This is the first in the Introduction to Oolong (Oolongs 101?) sampler and I’ve been enjoying it yesterday and today. I would not have thought it could add so much to the experience to examine dry leaves prior to steeping, but it does. These are a dark, chocolatey brown, with flecks of lighter brown. They have a warm, toasty aroma. The liquor is a rich, dark amber/burnt orange. It smells very similar to the dry leaves, and the flavor is in turn very true to the aroma, warm and toasty, with a very subtle note I can’t put my finger on — very slightly floral, perhaps? The aftertaste is slightly sweet and pleasant. I used two teaspoons rather than one after the first try and preferred it stronger. I did not notice much change over multiple steepings (I lengthened the steeping time from 3 minutes to 4 after the first, and to five on the last).
I was surprised — this one actually made me smile. It’s the first darjeeling I’ve tasted since I started my tea adventure and I suspect there is much better to be had, but it’s enough to make me really look forward to venturing further into finer darjeeling offerings. The liquor is not light as darjeeling’s is usually described; but it’s pretty, a medium to dark brownish-red. It smells woody, almost coffee-like, with a hint of mossy greenness. Foresty. There’s a richness and complexity to the taste that I wasn’t expecting, especially in the finish where I taste butter, sweet cream, nuts (almonds, I think, maybe a little hazelnut?). I tried it at the recommended 5 minutes steep time, but found it a tad bitter. Much better at 3 minutes.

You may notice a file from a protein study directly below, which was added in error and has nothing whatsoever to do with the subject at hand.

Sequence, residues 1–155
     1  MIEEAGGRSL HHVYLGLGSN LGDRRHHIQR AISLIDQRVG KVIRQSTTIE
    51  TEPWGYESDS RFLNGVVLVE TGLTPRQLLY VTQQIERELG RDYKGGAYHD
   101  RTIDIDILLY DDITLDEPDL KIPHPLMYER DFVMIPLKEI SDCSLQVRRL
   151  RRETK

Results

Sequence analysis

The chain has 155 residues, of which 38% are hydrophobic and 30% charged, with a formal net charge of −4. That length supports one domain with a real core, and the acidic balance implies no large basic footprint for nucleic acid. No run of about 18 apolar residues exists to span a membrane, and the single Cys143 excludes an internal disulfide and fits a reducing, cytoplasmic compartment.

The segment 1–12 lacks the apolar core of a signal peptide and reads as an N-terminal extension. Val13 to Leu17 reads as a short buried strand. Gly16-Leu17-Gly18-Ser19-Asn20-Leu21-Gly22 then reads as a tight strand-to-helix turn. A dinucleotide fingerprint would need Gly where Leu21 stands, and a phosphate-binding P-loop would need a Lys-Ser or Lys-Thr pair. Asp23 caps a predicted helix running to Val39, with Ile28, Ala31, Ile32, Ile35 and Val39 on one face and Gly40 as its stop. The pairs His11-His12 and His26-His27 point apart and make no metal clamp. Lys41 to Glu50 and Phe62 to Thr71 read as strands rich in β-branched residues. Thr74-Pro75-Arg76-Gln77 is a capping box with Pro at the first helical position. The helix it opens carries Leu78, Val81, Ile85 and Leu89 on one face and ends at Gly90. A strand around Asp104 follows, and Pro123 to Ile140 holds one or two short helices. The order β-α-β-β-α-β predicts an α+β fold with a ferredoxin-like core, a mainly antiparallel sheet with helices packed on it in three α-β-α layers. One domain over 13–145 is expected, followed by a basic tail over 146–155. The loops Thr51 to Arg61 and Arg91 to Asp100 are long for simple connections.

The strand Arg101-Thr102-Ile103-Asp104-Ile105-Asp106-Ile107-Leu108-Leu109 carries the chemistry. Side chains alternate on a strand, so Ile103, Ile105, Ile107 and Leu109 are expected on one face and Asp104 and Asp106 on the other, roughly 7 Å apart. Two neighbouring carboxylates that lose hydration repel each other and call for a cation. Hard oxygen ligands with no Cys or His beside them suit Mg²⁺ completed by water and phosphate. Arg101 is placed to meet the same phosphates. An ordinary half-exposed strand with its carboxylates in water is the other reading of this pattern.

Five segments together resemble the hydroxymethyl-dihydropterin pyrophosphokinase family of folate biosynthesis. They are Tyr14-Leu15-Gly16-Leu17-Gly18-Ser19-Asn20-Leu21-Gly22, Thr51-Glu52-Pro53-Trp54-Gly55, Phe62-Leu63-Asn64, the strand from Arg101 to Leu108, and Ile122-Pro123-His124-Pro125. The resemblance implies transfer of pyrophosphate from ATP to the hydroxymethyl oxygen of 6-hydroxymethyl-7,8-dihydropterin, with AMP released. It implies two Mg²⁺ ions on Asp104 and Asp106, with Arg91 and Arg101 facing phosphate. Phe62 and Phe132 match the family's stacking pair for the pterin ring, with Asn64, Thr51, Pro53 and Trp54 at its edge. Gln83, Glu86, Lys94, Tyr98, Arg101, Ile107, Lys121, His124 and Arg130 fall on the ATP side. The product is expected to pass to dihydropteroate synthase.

The perfumey note of the aroma hit me immediately, so much so that I was tempted to dab a bit on my wrists. :-) After a minute or two it settled down to a gentler citrus. Initially, I steeped for 5 minutes but the second time around after reading the comments here I limited it to 3. Three is definitely better, and I’m wondering if I should take it down from there a bit.
My experience with Earl Grey in the past has been limited to Twinings and Bigelow, and this one doesn’t seem significantly better than I remember those being. I’m detecting a twinge of the bitterness others have mentioned in the drinking, but for me it is mellowing to a pleasant, lingering citrusy finish where the underlying tea taste predominates. There’s even a bit of sweetness, right at the tip of my tongue. I’m looking forward to comparing it to other Earl Greys.
I am far from a chai expert, but this seems to have a well-blended flavor if you’re in the mood for something spicy. I can smell the ginger, cinnamon and cloves primarily, but none of these predominates in the taste. There’s a peppery afterburn, but the pepper flavor in this whole leaf bag version isn’t as strong as that in the decaf bagged version I tried (not whole leaf), which borders on harsh. I started my morning with this one today, and I’m moved to try another cup and see what else I can get out of this one on a second tasting.
And here’s an update after the second tasting (different bags, not a resteep)… with the after effect of the original cup still on my tongue, the new cup is very different. Even more balanced, and I can taste the mildness of the tea. The spices are more around the edges this time. Very interesting contrast to the first spicy attack and worth an additional couple of rating points.
This was what got me interested in giving tea another shot after a number of failed attempts. Now that I’m branching out it isn’t quite as stellar as my first impression, but I’m still enjoying it. The vanilla is very present in the aroma, but not so much in the taste. Still, the taste is pleasant — cinnamony, sweet, full. I can’t explain it, but to me it tastes “red.”